Provide DNS Services for my domains and sub-domains
DNS is crucial - if it's down, my Azure web roles are down. I don't trust GoDaddy and Verisign with my production DNS, so I either need to have on-premise load balanced DNS servers or pay someone to do it. It would be great if Windows Azure took care of this for me.
I currently outsource DNS hosting to a 3rd party. It would be great to provision service host names directly to my own domain namespace. This would save time and effort to provision hosts on the 3rd party system. It seems this would be the logical next step in the full hosting eco-system
Instead of Traffic Manager, provide a full Anycast DNS service with something like Amazon Route53's Latency Based Routing, supporting all Azure services (PaaS, IaaS, Web Sites, CDN, etc.) and non-Azure infrastructure too.
It would be useful to have a full Hosted DNS as a service inside of azure.
This is good feedback, thank you, and thank you for all who have taken the time to vote for this feature. It’s got our attention and it’s definitely something we’ll look into.
mick delaney commented
Any further information regarding this issue.
Gyan Ojha commented
The optimal speed can be achieved by the compression of traffic and by minimizing server loads. Web acceleration will enable you bring about a drastic improvement in the web page response time. This kind of acceleration usually come in lesser costs and offers the best web application performance.
Gyan Ojha commented
The optimal speed can be achieved by the compression of traffic and by minimizing server loads. Web acceleration will enable you bring about a drastic improvement in the web page response time. This kind of acceleration usually come in lesser costs and offers the best web application performance www.cotendo.com.
Pete @ Philtinium commented
We've been using dnsazure.com which has done a superb job of handling our A records dynamically for our site soundtracktoyour.com. Still it would be useful if as part of the Azure platform that these services were offered too.
This can be done in a VM role. But it should really be built into the azure services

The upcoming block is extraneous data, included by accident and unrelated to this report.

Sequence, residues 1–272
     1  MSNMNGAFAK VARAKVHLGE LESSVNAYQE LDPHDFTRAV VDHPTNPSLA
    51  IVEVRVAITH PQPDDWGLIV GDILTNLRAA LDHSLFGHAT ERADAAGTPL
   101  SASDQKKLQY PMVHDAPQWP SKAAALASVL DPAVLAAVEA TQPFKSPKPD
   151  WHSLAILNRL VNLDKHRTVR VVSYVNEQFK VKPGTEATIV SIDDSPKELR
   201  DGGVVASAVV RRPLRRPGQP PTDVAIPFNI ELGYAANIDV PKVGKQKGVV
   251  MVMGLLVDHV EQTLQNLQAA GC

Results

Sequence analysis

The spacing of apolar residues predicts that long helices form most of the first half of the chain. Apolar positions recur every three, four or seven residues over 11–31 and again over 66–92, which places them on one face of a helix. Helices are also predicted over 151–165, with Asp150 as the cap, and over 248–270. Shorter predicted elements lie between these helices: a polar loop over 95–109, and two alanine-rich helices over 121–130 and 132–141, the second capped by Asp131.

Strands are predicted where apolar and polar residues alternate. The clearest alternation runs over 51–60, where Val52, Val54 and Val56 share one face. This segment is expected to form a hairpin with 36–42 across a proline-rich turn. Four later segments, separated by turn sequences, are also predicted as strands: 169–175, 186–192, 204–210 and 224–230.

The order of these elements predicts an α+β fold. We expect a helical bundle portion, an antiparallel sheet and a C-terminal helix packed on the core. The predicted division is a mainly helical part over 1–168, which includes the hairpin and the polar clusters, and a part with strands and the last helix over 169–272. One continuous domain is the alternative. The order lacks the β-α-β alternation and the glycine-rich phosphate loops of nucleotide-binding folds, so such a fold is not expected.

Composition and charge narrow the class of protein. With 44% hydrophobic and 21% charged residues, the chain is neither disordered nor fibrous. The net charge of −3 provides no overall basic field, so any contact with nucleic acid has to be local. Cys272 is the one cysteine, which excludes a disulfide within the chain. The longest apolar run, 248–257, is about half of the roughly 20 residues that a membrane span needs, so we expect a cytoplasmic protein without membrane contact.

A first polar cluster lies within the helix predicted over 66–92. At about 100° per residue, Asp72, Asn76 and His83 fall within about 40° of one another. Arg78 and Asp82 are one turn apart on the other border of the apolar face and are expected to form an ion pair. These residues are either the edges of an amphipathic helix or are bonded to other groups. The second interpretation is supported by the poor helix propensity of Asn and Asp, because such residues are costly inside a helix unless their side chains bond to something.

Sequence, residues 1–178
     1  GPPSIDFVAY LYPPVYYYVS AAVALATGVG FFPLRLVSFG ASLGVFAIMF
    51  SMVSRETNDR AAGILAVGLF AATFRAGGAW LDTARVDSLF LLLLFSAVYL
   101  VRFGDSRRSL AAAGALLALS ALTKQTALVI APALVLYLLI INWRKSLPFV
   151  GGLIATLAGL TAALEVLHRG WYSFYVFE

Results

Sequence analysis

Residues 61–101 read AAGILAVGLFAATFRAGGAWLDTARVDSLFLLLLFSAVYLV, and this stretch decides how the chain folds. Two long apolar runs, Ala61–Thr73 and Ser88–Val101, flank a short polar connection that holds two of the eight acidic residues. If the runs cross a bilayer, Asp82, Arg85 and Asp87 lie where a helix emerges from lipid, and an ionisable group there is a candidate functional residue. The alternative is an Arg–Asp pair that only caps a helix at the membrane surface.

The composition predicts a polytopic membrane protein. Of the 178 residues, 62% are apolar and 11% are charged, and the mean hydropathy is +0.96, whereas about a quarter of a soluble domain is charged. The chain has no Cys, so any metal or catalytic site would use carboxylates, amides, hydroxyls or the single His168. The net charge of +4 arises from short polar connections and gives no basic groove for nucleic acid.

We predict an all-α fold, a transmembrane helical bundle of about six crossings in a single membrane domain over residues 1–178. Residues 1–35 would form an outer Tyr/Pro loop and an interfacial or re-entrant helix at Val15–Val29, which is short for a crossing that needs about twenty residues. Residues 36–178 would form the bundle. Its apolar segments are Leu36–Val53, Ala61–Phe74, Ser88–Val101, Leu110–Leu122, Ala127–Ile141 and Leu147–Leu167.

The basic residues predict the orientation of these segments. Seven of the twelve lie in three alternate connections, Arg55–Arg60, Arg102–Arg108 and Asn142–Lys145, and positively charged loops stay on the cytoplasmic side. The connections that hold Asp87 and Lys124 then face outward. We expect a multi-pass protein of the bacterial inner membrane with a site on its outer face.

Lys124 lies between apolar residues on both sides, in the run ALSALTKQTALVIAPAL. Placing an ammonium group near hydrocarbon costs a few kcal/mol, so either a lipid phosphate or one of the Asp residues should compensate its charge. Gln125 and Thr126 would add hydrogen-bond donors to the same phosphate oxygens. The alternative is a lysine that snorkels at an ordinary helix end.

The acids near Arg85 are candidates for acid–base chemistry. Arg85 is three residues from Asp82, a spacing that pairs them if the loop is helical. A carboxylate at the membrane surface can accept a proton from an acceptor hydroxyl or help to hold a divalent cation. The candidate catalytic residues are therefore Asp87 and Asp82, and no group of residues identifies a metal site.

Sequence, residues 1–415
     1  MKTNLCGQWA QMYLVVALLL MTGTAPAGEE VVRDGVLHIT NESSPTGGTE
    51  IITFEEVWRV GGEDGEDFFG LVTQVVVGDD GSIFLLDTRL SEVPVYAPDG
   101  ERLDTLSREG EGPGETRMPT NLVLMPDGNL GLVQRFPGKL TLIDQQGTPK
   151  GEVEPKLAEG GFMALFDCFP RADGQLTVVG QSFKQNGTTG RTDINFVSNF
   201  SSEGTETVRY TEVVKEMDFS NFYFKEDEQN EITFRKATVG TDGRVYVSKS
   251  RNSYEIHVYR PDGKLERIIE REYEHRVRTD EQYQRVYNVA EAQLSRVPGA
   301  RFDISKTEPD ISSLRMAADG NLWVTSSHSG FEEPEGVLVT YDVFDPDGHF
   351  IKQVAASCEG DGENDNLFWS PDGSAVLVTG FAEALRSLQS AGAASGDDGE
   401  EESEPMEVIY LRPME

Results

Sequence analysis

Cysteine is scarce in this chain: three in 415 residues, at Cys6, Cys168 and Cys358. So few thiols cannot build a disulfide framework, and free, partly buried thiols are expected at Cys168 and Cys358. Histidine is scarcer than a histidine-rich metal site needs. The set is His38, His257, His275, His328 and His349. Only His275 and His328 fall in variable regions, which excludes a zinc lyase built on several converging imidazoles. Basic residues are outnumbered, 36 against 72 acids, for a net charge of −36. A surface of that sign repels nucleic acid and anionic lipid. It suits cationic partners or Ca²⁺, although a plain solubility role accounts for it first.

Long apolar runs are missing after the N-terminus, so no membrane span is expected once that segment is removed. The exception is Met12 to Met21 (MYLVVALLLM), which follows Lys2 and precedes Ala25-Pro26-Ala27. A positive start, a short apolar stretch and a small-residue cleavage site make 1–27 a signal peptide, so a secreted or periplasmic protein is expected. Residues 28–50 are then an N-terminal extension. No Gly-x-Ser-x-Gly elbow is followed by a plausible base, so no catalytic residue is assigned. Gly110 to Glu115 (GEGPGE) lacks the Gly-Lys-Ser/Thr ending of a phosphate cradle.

This seems like a really obvious gap in the Azure service, which ought to be filled by the Azure product.
Until there is a proper Azure Dynamic DNS service in place for the musical IP/hostname issues, then the Azure platform can not possibly be considered to be an "enterprise" solution.
We already have a commercial/billing relationship and defined SLAs with Azure, so it makes absolutely no sense to add a 3rd party DDNS provider into the mix.
If you never publish directly to Production and always swap from Staging, then the Production IP address doesn't change. Essentially, you have your static IP and you can use a standard DNS service provider. I use DNSMadeEasy and have had an excellent experience for the past couple of months with Azure.
This is really necessary to host some ideas on Azure (other than allowing current professional sites to have more flexibility). It can enable a great potential for great sites and services.
This is an absolute must for serious solutions.
Currently DNS redirects are taking too long which is defeating the purpose of putting my solution in the cloud for scalability. Part of my app uses OpenAuth to sign users in so during the handshake, which is two back and forth requests, it's doing the DNS loop each time.
Bart Verkoeijen commented
Naked domains are an issue, because you would need the redirect to the subdomain (e.g. www) which is hosted elsewhere. Global offerings from MS that integrate well, offer easy configuration and one-stop solution would be appreciated.
DNS must be part of the Azure ecosystem last but not least because of integration with load balancing and for routing to closest servers. So, I am waiting for this...